Courtesy of National Collegiate Athletic Association
Earlier this week, the National Collegiate Athletic Association (NCAA) released a statement revising its previous rules; now, collegiate athletes will be able to benefit from name, image and likeness.
The law was originally passed in September, when Governor Gavin Newsom signed a monumental law for student-athletes in California. Specifically, the law enabled athletes at California institutions to be paid for endorsements and deals with businesses—local or not.
The official stance of the NCAA on the significant changes had been unknown, but the organization released a statement saying the use of image and likeness to make money remains permissible only if it is “consistent with the values of college sports and education.”.
The NCAA, which to this day remains the largest governing entity for collegiate athletics across the United States, is a 1.1-billion-dollar enterprise. Previously, the organization hinted towards its disapproval of student- athlete compensation, arguing college athletics operate within an amateur arena.
According to the NCAA website, prospective student-athletes enrolling for the first time in a Division I or II university are required to sign an amateurism certification. As a result, they can receive compensation— but not so much as to exceed what is deemed an actual and necessary expense. Furthermore, athletes may not endorse any brand or product.
With the revisions in rules and regulations, larger universities will make up the majority of those directly impacted. “Big sport” states such as California, Texas, Kentucky and North Carolina—especially those with elite basketball and football programs— could see upwards of hundreds of thousands of dollars garnered through their student-athletes.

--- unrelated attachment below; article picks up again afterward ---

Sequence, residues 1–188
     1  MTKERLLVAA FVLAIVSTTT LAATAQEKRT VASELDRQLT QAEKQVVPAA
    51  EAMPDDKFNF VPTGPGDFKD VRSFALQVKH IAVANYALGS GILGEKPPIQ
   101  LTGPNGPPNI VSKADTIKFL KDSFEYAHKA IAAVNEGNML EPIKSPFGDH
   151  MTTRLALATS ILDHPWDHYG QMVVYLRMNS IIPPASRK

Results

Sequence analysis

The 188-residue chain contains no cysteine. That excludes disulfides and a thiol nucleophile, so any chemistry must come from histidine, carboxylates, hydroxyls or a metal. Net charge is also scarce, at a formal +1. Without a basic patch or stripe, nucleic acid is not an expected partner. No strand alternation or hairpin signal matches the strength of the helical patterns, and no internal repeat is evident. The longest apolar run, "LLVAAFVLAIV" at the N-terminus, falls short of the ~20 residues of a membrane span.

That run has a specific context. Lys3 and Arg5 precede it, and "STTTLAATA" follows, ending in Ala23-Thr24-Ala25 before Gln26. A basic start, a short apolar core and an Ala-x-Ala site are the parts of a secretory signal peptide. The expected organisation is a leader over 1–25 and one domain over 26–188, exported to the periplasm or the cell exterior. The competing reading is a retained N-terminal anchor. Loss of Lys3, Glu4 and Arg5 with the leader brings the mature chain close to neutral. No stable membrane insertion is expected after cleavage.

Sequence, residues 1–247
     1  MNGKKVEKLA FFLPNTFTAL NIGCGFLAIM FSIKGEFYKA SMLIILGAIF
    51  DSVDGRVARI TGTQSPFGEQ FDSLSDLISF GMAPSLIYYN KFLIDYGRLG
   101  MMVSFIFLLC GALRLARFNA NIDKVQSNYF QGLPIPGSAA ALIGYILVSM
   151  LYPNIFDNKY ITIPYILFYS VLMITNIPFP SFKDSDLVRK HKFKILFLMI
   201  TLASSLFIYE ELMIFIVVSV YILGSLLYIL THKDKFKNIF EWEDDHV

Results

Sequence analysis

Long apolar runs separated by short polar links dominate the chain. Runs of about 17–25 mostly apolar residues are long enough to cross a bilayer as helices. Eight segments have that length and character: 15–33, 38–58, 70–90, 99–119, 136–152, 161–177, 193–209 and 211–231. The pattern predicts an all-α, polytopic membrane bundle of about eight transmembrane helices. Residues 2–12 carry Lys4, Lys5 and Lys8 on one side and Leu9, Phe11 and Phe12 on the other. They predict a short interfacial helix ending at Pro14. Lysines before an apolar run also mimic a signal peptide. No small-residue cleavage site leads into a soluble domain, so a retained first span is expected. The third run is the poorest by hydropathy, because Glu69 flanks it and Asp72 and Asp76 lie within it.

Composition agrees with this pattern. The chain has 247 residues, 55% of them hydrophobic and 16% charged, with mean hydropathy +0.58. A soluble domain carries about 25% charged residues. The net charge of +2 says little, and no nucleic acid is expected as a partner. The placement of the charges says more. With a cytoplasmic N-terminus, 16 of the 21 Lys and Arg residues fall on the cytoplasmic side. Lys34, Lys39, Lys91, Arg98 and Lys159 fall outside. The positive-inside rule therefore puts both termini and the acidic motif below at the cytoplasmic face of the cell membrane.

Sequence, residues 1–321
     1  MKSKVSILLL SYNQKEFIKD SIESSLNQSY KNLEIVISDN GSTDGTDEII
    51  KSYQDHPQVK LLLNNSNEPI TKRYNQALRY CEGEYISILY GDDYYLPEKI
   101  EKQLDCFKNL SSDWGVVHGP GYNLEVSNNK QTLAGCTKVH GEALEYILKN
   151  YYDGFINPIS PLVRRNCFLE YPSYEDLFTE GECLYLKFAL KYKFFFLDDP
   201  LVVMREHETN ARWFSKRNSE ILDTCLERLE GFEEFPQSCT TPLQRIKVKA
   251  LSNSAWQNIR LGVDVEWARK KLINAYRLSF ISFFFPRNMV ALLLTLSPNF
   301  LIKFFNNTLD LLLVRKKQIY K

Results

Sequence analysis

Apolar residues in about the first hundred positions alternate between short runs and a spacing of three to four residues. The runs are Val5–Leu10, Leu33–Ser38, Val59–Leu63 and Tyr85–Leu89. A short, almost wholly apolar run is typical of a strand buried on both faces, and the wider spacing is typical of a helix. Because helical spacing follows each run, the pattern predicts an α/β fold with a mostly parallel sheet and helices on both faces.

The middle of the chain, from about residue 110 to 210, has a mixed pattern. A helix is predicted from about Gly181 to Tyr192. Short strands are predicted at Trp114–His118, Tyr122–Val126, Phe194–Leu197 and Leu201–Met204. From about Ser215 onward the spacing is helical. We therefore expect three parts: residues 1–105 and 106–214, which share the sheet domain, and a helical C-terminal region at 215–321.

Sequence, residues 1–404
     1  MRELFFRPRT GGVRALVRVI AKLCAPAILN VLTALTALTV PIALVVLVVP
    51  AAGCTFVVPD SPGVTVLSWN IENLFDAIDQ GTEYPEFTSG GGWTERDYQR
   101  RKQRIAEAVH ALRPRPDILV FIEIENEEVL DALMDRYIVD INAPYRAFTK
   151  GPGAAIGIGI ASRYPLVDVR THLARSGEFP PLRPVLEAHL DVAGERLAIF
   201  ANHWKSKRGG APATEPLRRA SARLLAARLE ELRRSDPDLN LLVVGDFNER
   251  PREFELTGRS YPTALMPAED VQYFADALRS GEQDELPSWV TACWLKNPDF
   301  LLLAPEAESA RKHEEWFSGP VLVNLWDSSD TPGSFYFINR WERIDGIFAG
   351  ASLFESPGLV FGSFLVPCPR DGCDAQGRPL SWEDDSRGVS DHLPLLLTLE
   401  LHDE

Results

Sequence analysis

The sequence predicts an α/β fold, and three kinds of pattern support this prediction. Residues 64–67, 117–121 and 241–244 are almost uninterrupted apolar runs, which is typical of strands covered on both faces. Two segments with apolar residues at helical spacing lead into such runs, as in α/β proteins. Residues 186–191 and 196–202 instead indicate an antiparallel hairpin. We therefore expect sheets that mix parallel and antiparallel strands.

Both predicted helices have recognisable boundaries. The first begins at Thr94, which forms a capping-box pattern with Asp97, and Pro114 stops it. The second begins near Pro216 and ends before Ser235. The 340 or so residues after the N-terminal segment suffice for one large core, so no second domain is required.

Athletes at larger schools aren’t the only ones benefiting from such changes, however. The potential for athletic sponsorship deals is universal, as local businesses are predicted to tap into partnerships with the student-athlete population.
Furthermore, bigger brands such as Nike and Adidas may utilize the rule change to their advantage. Sponsoring any athlete at one of 1,100 NCAA-affiliated schools garners the possibility of promoting their brand to over 500,000 college students— something brands of all sizes will undeniably look to do.
Another important perspective to consider is the athlete. With expenses such as rent and utilities—not to mention the possibility of career-ending injuries at every practice and competition—the revisions have received support from the general public in regard to managing everyday costs as a collegiate athlete.
Although the NCAA has not released a list of any official, lasting policy revisions, the governing board has given each division a January 2021 deadline to do so.
Nicole may be reached at [email protected]